My life in books: Hannah Eaton
- Credit: Tiffany Kubani
The author of acclaimed graphic novel Naming Monsters shares five books that have inspired her
The book I loved as a child
Private – Keep Out; Knock and Wait; One Way Only by Gwen Grant. This trilogy, about a little girl and her reassuringly discordant siblings, was not only a great remembered slice of post-war social history, but funny and brilliantly written – like Victoria Wood for nine-year-olds.
The book that inspired me as a teenager
Angela Carter’s Wise Children and the Magic Toyshop is pure joy. You are dragged along on a picaresque journey through 20th-century entertainment history by the ebullient septuagenarian Chance twins. It’s wild, south London, 1960s Gothic, and re-reading it about 40 times resulted in some very overwrought GCSE English coursework with many womb metaphors.
The book I’ve never finished
I hated A Little Life by Hanya Yanigahara so much I threw it in the recycling to take it out of circulation. I like a lurid, kitschy abuse melodrama as much as the next person, but I’ll stick with Flowers in the Attic, which has deadly doughnuts, a better villain and doesn’t demand tearful reverence.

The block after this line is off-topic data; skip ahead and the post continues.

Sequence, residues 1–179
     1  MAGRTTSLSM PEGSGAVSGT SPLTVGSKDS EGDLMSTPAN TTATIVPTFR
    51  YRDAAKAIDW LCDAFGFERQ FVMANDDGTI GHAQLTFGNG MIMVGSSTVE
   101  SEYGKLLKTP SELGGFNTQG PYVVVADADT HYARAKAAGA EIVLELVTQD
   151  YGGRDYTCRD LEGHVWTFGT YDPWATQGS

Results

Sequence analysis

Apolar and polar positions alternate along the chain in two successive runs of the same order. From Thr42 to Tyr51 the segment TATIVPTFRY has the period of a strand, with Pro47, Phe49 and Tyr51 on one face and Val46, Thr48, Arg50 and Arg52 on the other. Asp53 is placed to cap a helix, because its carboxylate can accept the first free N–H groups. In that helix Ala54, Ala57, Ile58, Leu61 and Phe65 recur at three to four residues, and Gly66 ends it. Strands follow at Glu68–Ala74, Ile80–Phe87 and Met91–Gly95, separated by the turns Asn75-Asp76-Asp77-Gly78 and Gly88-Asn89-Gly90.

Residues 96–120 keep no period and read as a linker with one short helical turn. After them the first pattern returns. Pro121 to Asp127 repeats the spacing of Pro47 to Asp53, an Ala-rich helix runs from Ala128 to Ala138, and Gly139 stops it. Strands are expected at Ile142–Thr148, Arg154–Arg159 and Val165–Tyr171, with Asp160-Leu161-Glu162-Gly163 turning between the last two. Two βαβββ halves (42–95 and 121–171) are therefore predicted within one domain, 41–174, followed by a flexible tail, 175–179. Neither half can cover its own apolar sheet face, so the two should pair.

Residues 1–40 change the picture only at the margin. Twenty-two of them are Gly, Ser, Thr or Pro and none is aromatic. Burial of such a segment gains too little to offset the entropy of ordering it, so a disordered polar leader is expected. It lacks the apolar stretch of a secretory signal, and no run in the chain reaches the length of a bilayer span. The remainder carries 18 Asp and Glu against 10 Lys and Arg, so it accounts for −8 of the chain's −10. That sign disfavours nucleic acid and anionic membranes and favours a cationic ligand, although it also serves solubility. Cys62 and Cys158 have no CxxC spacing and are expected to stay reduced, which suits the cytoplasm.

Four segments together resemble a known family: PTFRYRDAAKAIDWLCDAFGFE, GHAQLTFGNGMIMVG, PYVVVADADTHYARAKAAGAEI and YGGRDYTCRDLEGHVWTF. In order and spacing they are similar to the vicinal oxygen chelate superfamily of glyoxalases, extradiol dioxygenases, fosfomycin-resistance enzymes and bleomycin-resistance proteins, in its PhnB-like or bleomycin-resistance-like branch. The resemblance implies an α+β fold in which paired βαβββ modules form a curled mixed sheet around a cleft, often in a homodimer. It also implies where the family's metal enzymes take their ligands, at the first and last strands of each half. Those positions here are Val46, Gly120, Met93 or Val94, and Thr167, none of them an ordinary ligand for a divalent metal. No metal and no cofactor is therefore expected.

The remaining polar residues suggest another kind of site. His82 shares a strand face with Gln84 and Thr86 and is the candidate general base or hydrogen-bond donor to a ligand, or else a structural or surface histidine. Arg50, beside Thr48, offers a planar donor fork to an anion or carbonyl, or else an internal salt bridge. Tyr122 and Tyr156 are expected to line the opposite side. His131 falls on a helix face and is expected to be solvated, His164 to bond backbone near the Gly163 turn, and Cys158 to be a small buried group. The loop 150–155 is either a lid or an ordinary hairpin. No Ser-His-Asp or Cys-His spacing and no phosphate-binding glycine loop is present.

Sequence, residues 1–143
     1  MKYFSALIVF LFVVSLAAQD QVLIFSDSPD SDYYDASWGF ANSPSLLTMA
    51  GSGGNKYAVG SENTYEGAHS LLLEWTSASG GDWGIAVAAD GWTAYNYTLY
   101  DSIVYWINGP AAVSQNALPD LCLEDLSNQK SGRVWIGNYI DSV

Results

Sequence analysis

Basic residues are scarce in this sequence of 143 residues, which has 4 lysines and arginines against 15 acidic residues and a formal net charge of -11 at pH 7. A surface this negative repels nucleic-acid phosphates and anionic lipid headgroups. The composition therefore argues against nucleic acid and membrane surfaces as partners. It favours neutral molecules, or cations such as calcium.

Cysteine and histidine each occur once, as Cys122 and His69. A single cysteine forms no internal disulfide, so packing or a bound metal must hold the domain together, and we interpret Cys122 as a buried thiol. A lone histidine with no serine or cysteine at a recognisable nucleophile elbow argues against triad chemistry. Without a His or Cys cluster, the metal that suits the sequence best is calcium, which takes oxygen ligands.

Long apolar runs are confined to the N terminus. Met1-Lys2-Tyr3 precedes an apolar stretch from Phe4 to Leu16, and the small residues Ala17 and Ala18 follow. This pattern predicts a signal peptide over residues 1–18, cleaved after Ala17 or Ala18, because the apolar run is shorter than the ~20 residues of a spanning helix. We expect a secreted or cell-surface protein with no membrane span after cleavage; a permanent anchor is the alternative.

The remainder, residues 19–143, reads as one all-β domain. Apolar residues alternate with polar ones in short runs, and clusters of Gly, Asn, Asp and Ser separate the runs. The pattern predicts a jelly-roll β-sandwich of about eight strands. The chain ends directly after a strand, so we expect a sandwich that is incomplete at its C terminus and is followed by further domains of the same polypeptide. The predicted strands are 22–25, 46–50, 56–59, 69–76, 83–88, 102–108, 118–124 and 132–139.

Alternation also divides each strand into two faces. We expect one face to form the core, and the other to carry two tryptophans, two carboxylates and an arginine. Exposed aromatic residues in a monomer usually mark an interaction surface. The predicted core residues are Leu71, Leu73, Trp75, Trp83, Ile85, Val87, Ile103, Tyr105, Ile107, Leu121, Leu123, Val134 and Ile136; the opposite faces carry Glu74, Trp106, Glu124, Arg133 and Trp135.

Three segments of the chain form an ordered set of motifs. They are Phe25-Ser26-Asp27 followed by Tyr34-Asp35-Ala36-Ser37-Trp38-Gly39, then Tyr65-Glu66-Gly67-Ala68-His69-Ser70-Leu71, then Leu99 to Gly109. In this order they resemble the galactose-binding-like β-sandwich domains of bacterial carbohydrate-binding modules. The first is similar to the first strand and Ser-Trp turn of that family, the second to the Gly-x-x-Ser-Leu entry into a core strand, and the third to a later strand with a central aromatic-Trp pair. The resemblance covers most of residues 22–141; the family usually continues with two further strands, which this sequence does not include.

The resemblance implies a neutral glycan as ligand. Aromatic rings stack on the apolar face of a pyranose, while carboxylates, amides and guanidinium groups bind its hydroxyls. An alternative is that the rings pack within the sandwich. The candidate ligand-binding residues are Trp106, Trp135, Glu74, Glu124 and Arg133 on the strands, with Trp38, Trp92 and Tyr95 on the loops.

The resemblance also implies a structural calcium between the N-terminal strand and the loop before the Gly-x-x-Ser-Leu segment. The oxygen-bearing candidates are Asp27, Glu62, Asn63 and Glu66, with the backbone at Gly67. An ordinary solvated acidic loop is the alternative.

READ MORE: Author Karen Swan’s Sussex life
- 1 10 excellent fish and chip shops in Kent
- 2 20 of the best places to eat out in St Ives
- 3 Win the full range of Bashall Spirits Gins
- 4 16 beautiful beaches in Devon you have to visit
- 5 11 of the most Instagrammble locations in Hampshire
- 6 20 of the best restaurants in Hertfordshire
- 7 Win a three nights stay at Nydsley Hall in Pateley Bridge
- 8 17 of the best things to do in Essex for free
- 9 6 of the best August walks in Cheshire
- 10 Three fabulous Norfolk homes for sale with swimming pools
The book that moved me most
Beloved by Toni Morrison. The adapted film is a soul-rending companion piece… the ghost-laying chorus of holy grandmas at the end. And Oprah as Sethe.
The book I’m reading now
I have four on the go: White Fragility by Robin DiAngelo, Theodore Zeldin’s The Hidden Pleasures of Life, Rebecca West’s The Fountain Overflows and Beyond Black by Hilary Mantel. I read the last two every year because they’re like amazing panopticons, not only of their particular positions in history and place, but also in a way that reflects your own shifting interiority each time you revisit them.
Hannah’s latest graphic novel Blackwood, about two murders which take place 65 years apart in ancient woods, is out on 17 September (Myriad, £18.99).